It is already beginning to happen. Earlier this year, Pepsi decided not to advertise during the Super Bowl. Instead, it started a Pepsi Refresh social media initiative.

"It's a big shift," said says Lauren Hobart, chief marketing officer for Pepsi-Cola North America Beverages said in Time. "We explored different launch plans, and the Super Bowl just wasn't the right venue, because we're really trying to spark a full-year movement from the ground up. The plan is to have much more two-way dialogue with our customers."

To which I say, Ditto.

5 comments about "Can Social Media Really Be Used for Branding? ".
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  1. Tom Martin from Converse Digital, June 1, 2010 at 10:01 a.m.

    It's a shame that you allowed yourself to get caught up in the ancient Reach/Frequency model in this discussion.

    You absolutely can use SocMe for branding, especially when you're trying to refine, redefine a brand. You can see an actual case study about how SocMe was used to successfully re-brand Mardi Gras here

    Branding via SocMe isn't so much about Reach/Frequency as it is about belief and trust. Consumers don't really trust advertising anymore, but via SocMe channels like Blogs, Twitter, FB, Flickr, YouTube and live channels like LiveStream, brands can present their brand reality to consumers and let the consumer come to their own conclusion and brand image.

    If done right, you get the outcome like the one in the Mardi Gras experiment above.

  2. Karen Ticktin from brandthis, June 1, 2010 at 12:25 p.m.

    We think of Social Media as media that is 'social' and believe that any engagement with consumers regardless of platform contributes to the brand's equity/branding. Consumers not only expect brands to have a social media presence but also to engage with them via these environments. Additionally they have more respect for and loyalty to the brands that engage with them via social media. The ROI in social media cannot be measured in short term reach and and frequency but rather longer term relationship building.

  3. Nichole Goodyear from Brickfish, June 1, 2010 at 12:32 p.m.

    Social media has transformed traditional brand marketing into an opportunity to engage in two-way conversations with your customers. By participating in these conversations, the course of them can be changed and guided. Marketers can leverage these conversations to provide customers with multiple ways to engage with your brand – integrating them into your marketing channel. A consumer who loves your brand will willingly contribute to your promotions and advertising campaigns. They will passionately recommend your brand to friends via Twitter and Facebook. As consumers create their own content - from Web pages to videos to blogs - and share that content with their social networks, they are shaping the way the world sees everything, including perceptions about your brand. --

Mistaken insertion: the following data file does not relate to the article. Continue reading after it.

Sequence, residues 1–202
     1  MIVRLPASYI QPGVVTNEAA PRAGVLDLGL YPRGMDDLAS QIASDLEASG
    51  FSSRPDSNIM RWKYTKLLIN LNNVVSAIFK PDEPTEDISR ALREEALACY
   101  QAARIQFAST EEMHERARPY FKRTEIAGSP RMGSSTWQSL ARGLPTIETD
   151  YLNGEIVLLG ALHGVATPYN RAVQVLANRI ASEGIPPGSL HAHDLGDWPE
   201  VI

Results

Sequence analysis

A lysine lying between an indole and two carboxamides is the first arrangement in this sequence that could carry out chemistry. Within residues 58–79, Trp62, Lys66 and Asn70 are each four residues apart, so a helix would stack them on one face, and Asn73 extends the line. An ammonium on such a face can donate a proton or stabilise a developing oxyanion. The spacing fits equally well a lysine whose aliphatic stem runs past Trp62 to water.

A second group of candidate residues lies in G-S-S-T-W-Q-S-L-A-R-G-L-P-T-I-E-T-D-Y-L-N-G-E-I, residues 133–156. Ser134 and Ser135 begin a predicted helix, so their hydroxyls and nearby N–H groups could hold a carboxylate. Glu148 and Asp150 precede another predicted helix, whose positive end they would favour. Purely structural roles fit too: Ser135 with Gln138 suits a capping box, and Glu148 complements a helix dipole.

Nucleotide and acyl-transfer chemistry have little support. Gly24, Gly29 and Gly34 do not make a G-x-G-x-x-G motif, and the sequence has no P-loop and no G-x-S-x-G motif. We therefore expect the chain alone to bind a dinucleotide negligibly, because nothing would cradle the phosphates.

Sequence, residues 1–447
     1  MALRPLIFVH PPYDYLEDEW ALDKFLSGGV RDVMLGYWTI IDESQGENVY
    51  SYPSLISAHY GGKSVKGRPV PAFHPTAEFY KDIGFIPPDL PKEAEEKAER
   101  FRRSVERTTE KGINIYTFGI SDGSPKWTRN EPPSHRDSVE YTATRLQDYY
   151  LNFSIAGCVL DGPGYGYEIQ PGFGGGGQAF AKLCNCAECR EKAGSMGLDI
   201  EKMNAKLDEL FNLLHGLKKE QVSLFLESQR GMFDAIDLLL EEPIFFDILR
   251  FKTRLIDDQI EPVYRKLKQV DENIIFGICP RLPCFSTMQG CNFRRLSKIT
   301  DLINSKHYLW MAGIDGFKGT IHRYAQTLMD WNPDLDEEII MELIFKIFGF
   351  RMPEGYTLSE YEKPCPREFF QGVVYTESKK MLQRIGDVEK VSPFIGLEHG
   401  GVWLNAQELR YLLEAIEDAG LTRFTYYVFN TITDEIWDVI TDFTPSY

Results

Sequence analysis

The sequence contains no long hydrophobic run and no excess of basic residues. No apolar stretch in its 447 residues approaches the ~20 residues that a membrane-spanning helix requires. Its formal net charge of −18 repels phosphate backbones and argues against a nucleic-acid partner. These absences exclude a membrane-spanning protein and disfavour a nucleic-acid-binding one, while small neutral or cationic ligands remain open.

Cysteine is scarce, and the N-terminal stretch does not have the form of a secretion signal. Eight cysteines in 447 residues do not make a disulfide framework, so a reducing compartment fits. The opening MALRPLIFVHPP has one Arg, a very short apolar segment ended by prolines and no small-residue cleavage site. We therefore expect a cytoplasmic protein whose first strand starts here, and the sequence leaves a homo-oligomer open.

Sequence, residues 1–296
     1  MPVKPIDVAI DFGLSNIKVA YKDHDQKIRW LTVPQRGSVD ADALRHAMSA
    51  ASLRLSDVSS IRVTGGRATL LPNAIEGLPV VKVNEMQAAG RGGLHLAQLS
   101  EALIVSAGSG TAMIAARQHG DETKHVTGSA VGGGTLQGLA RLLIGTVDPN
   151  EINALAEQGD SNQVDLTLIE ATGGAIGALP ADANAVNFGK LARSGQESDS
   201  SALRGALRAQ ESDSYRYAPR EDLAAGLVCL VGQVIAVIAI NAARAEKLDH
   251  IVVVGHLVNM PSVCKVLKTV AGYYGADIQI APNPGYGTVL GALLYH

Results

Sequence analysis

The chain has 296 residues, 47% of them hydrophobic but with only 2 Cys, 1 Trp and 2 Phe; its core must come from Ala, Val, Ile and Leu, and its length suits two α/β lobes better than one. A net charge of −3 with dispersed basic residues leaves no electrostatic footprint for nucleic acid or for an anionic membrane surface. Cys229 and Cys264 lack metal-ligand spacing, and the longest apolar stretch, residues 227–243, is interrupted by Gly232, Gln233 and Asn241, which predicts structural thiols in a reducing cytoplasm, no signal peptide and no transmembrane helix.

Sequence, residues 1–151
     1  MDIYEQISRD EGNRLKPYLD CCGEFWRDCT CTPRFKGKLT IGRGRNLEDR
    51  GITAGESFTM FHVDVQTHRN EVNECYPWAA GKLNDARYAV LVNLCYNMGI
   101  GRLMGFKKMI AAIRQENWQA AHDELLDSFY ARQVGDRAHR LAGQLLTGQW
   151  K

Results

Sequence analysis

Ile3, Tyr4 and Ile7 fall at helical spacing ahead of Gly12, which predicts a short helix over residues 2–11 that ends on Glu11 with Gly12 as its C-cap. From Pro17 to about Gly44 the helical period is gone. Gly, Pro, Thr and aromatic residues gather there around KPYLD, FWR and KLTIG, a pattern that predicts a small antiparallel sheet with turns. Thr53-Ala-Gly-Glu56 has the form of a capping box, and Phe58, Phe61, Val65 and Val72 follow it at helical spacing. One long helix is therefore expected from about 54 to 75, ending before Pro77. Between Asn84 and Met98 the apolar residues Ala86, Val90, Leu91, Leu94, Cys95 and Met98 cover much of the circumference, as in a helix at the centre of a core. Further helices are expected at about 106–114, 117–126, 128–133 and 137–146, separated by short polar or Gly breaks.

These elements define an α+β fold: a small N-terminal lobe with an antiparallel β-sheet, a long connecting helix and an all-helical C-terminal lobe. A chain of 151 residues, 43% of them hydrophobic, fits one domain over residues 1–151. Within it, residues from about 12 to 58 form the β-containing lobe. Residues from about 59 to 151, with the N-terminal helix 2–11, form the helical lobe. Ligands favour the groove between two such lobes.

Nichole Goodyear,
    CEO of Brickfish,

  4. Marcus Osborne from FusionBrand, June 1, 2010 at 9:30 p.m.

    This is a great read but it has two flaws.

    The first is that your definition of branding "branding is the process of creating a feeling, attitude or perception in a person towards a product or company. Branding helps a company differentiate itself from the competition. It is what makes us think of Coca-Cola as more "old fashioned" and "established" and of Pepsi in terms "edgy" and "for the young generation." Sounds more like what an advertising agency tells a client than the reality.

    Branding is about a product or service offering economic, experiential and emotional value to a customer and backed up by every day organisational excellence.

    Secondly, as Tom Martin above said, reach and frequency belong in the marketing/advertising grave yard along with the other mass media mass economy models of positioning, one-size-fits-all messaging and awareness.

    This is especially true in the social media space which incidentally is not a branding tool but merely another channel that brands must master to engage with consumers in a personal and bespoke manner.

    Companies have to understand that the old mass communication tactics and tools being pushed by advertising agencies have no place in the SM or SocMe space.

  5. Kevin Horne from Verizon, June 1, 2010 at 9:38 p.m.

    Here's some nonlinear logic:
    "acquiring user data of consumers -- the name, email address or social networking handle...a product manager at Gap could now reach consumers based on their individual preferences -- be it for khakis, jeans or summer dresses."

    How does having my social networking "handle" tell you whether i like khakis?